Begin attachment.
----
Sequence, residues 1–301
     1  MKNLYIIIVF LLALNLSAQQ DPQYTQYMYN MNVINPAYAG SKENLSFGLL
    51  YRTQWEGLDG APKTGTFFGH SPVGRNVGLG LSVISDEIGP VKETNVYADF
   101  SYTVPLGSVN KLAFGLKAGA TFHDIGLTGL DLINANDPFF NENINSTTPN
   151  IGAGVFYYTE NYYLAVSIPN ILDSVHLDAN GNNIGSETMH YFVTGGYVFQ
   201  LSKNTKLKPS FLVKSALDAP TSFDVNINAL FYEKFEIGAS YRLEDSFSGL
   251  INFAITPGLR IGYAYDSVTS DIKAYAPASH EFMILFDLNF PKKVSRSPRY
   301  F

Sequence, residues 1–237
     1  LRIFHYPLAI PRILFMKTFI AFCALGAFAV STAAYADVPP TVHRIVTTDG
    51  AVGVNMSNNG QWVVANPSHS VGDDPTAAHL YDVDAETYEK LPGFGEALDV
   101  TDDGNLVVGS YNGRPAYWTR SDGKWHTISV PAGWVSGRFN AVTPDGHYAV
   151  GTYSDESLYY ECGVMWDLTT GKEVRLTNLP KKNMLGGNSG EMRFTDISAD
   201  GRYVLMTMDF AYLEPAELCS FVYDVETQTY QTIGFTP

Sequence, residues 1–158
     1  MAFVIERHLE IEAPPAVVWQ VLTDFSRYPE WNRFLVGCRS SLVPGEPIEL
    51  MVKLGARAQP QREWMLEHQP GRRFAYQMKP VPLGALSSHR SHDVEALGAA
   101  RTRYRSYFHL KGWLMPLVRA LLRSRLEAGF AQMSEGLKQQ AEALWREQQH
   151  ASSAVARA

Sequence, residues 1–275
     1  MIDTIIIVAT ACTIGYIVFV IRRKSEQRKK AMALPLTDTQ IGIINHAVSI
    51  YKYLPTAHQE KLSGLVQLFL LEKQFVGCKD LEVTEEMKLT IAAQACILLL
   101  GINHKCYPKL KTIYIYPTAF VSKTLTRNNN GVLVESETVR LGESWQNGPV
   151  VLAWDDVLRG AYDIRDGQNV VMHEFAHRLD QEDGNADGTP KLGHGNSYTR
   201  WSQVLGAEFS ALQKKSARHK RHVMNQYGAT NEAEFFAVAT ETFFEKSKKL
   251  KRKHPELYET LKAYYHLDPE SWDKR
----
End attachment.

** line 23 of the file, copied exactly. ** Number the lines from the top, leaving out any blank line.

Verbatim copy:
   101  GINHKCYPKL KTIYIYPTAF VSKTLTRNNN GVLVESETVR LGESWQNGPV